The Great American What you need to know
August 21, 2017
Maximum Coverage Tampa Bay area
The last time totality occurred anywhere in the 48 states was on February 26, 1979, nearly 40 years ago.
Everyone in the U.S. (including Alaska and Hawaii) will see some part of the Sun eclipsed by the moon on August 21, 2017. It takes just 90 minutes for the moon’s shadow to cross the United States from Oregon to South Carolina.
The average speed of the moon’s shadow as it crosses the United States is nearly 1,700 miles per hour. This is three times faster than a supersonic jet plane.
22 • August 2017
To see the 2017 Total Solar Eclipse you must be inside the narrow path of the moon’s dark shadow, the “umbra.” This path of totality will cross parts of 12 states. Whether you’re planning on going to an eclipse viewing party or just sitting out on a blanket in your backyard, you may want to plan ahead on how you’ll actually be viewing the celestial event. It isn’t safe to look at the sun with the naked eye. Its surface is so bright that if you stare at any portion of it, no matter how small, it produces enough light to permanently damage your retina.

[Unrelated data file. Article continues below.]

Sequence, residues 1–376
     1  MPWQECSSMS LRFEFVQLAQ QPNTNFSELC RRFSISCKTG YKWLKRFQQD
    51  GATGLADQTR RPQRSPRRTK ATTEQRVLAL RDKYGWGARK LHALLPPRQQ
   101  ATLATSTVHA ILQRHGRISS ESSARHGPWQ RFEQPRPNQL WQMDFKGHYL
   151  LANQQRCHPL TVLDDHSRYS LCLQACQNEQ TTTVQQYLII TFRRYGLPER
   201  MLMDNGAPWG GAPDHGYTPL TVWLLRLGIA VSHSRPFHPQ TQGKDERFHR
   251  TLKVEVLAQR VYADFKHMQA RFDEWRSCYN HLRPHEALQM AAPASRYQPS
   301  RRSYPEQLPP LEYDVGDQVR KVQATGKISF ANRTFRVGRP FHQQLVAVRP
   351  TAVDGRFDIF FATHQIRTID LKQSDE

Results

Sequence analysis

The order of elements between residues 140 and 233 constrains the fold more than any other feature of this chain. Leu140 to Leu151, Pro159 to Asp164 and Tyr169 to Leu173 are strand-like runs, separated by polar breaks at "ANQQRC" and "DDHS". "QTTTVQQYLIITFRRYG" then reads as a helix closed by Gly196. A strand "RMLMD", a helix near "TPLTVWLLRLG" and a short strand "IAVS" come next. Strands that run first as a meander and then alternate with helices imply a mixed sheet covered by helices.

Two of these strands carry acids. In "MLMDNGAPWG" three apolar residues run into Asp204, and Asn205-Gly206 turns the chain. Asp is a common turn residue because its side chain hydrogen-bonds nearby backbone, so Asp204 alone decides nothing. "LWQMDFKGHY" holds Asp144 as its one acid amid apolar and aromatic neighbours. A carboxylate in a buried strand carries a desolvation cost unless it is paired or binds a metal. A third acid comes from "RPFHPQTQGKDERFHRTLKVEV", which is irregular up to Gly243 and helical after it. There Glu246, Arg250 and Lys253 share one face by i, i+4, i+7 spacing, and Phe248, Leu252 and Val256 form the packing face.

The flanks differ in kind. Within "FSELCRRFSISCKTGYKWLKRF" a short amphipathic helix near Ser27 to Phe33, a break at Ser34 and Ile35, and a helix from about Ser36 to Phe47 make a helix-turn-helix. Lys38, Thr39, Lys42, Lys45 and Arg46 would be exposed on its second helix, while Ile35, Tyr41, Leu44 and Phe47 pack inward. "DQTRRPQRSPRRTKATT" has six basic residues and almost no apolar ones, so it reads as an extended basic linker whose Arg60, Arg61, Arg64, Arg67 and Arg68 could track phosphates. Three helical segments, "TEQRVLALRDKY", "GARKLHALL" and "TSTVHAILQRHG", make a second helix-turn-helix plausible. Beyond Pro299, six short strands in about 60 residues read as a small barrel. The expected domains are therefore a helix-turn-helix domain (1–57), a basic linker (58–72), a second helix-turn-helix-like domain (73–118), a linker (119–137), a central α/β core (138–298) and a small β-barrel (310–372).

Say you saw it in the Gulf Coast Family Newspaper
The only safe way to look directly at the uneclipsed or partially eclipsed sun is through special-purpose solar filters, such as “eclipse glasses” or hand-held solar viewers. Homemade filters or ordinary sunglasses, even very dark ones, are not safe for looking at the sun; they transmit thousands of times too much sunlight.
Published on Aug 1, 2017
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